|Major Groups > Cup Fungi > Helvella acetabulum|
by Michael Kuo
Here is a funky species of Helvella, reminiscent of a chalice or grail with an ornate base. The spores are produced on the upper surface of the cup, which is smooth and yellow-brown, and the structure is held aloft by a beautifully ribbed and pocketed stem. Crucial for identification is the distinctive way in which the ribs extend onto the undersurface of the cup, sometimes nearly to the margin. In most areas of North America Helvella acetabulum is a late spring and early summer species--but in the Rocky Mountains it is sometimes found in late summer, and it can appear over winter in warm climates.
Paxina acetabulum is a former name.
Helvella costifera is a similar species; it features a gray to grayish brown cap that lacks yellow tones, and its stem usually features blunt-edged, rather than sharp-edged, ribs. Helvella griseoalba, described by Nancy Weber (1972), has been synonymized with Helvella costifera by Abbot & Currah (1997).
Helvella leucomelaena and Helvella queletii are superficially similar, but the former has a less developed stem that is often buried underground, and the latter has a strongly inrolled cap margin. The ribs do not extend onto the cap's undersurface in either species.
Ecology: Probably mycorrhizal; growing alone or gregariously, under hardwoods or conifers, often in the vicinity of stumps or decaying wood; spring and early summer--or late summer in the Rocky Mountains, or winter and spring in coastal California; widely distributed in North America.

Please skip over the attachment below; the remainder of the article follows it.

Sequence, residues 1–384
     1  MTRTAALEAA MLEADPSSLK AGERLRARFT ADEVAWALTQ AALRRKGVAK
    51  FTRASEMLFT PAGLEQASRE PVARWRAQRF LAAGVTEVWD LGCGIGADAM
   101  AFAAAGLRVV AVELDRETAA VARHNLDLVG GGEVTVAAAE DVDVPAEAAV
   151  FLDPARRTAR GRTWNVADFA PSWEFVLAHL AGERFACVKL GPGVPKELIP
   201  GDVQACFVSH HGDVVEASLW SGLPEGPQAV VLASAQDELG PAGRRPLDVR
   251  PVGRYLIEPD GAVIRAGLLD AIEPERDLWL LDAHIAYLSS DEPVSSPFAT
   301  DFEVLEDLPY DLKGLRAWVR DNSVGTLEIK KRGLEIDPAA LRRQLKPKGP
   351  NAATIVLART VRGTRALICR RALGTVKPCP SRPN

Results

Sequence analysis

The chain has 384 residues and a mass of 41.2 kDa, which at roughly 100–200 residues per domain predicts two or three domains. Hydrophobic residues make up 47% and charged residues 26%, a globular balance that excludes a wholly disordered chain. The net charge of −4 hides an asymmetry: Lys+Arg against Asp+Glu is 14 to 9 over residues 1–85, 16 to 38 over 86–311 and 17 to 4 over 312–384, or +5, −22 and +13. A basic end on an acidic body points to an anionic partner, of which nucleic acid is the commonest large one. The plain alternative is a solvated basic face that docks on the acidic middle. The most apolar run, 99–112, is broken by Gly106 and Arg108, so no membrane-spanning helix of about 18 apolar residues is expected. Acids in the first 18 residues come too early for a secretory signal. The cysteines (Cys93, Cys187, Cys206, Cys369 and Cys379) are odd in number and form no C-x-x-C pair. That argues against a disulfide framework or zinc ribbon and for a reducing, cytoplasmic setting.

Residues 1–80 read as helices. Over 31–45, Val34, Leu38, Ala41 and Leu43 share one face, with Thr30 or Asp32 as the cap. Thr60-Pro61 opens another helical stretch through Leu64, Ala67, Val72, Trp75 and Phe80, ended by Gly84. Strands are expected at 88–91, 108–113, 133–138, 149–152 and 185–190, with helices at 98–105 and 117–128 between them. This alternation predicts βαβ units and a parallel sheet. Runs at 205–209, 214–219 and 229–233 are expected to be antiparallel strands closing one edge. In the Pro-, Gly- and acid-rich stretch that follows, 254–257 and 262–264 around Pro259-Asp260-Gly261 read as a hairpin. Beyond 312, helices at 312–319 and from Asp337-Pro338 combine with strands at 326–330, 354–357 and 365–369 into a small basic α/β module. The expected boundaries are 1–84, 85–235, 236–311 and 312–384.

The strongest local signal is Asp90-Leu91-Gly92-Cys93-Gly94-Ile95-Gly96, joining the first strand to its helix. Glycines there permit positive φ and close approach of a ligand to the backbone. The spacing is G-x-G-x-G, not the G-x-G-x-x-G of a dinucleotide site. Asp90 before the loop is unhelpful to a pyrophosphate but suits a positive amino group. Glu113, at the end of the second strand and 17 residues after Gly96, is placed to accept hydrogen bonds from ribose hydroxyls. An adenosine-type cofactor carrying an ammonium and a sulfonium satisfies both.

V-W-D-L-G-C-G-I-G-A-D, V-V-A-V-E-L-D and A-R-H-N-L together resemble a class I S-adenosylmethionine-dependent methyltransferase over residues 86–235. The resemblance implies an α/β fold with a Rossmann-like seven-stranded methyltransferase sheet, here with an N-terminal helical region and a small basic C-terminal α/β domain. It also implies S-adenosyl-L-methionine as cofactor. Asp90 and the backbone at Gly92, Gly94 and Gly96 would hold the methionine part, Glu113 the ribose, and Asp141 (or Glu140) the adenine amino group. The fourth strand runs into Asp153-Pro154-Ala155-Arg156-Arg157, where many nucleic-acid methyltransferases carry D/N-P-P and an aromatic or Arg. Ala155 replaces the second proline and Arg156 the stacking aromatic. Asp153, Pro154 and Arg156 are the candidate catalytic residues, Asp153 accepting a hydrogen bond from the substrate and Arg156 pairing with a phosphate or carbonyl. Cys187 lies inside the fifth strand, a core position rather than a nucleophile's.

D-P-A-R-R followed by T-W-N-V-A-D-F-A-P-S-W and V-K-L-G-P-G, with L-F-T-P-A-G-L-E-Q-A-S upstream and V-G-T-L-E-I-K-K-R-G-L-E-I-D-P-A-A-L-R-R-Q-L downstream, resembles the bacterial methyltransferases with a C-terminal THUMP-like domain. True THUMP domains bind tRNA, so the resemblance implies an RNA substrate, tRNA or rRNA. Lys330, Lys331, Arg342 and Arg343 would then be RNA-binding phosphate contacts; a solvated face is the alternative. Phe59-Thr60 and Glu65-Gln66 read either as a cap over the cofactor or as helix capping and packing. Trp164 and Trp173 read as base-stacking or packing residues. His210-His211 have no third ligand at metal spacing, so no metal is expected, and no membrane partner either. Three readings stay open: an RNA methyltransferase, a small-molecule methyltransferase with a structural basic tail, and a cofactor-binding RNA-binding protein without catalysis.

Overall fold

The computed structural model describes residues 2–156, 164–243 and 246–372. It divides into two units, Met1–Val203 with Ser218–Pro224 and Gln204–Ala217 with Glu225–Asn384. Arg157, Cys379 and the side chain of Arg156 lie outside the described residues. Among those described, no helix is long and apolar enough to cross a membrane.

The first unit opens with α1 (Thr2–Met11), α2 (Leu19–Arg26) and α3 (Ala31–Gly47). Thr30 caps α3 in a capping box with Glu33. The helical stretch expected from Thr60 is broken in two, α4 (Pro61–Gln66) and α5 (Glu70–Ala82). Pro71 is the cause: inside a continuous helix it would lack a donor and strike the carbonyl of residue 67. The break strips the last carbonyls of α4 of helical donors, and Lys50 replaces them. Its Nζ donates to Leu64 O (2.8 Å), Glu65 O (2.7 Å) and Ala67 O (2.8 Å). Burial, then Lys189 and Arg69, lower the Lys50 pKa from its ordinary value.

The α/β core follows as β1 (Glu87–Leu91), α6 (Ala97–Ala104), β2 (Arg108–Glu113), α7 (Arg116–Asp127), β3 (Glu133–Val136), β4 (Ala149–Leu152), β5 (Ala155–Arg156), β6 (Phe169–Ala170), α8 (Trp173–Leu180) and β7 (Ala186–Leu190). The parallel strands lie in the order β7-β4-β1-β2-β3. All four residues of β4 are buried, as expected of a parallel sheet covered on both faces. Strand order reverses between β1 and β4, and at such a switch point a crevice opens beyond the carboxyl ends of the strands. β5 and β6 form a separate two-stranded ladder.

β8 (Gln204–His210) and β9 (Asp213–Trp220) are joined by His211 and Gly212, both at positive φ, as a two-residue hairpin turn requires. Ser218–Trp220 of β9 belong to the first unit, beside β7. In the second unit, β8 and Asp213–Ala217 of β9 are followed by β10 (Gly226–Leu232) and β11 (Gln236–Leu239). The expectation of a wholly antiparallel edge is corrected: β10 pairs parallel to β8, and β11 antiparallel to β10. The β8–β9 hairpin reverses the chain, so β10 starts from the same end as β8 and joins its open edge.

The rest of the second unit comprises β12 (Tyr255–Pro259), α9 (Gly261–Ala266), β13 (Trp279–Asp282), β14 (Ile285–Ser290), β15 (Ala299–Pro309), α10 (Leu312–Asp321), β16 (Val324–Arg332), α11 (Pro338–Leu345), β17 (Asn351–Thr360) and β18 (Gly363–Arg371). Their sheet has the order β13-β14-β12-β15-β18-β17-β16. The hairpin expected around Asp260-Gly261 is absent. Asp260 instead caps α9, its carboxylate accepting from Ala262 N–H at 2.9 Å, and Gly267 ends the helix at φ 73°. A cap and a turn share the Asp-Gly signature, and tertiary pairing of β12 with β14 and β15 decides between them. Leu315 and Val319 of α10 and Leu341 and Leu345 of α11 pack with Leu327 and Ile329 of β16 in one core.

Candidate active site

Cap: 2-12 cm across; cup-shaped, sometimes becoming more or less flat in age; upper surface yellow-brown to brown, bald, and smooth; undersurface brown to yellow-brown, sometimes paler near the stem, finely fuzzy near the margin, with forked whitish to brownish ribs that extend from the stem, sometimes almost to the margin.
Flesh: Thin; brittle; brownish; whitish and chambered in the stem.
Stem: 2-9 cm long; up to 5 cm thick; becoming broader near the cap; deeply pocketed and ribbed with sharp-edged (occasionally blunt) forking ribs that extend onto the undersurface of the cap; whitish to brownish; finely hairy.
Odor and Taste: Not distinctive.
Chemical Reactions: KOH negative on all surfaces and flesh.
Microscopic Features: Spores 16-20 x 11-14 µ; elliptical; smooth; with one central oil droplet. Asci 8-spored. Paraphyses cylindric with clavate or merely rounded apices; 4-6 µ wide; hyaline to brownish.
REFERENCES: (Linnaeus, 1753) Quélet, 1874. (Fries, 1822; Smith Weber, 1972; Smith, Smith & Weber, 1981; Arora, 1986; States, 1990; Phillips, 1991/2005; Lincoff, 1992; Metzler & Metzler, 1992; Abbot & Currah, 1997; McNeil, 2006; Miller & Miller, 2006.) Herb. Kuo 03110702, 04211204, 08231201.
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Cite this page as:
Kuo, M. (2012, August). Helvella acetabulum. Retrieved from the MushroomExpert.Com Web site: http://www.mushroomexpert.com/helvella_acetabulum.html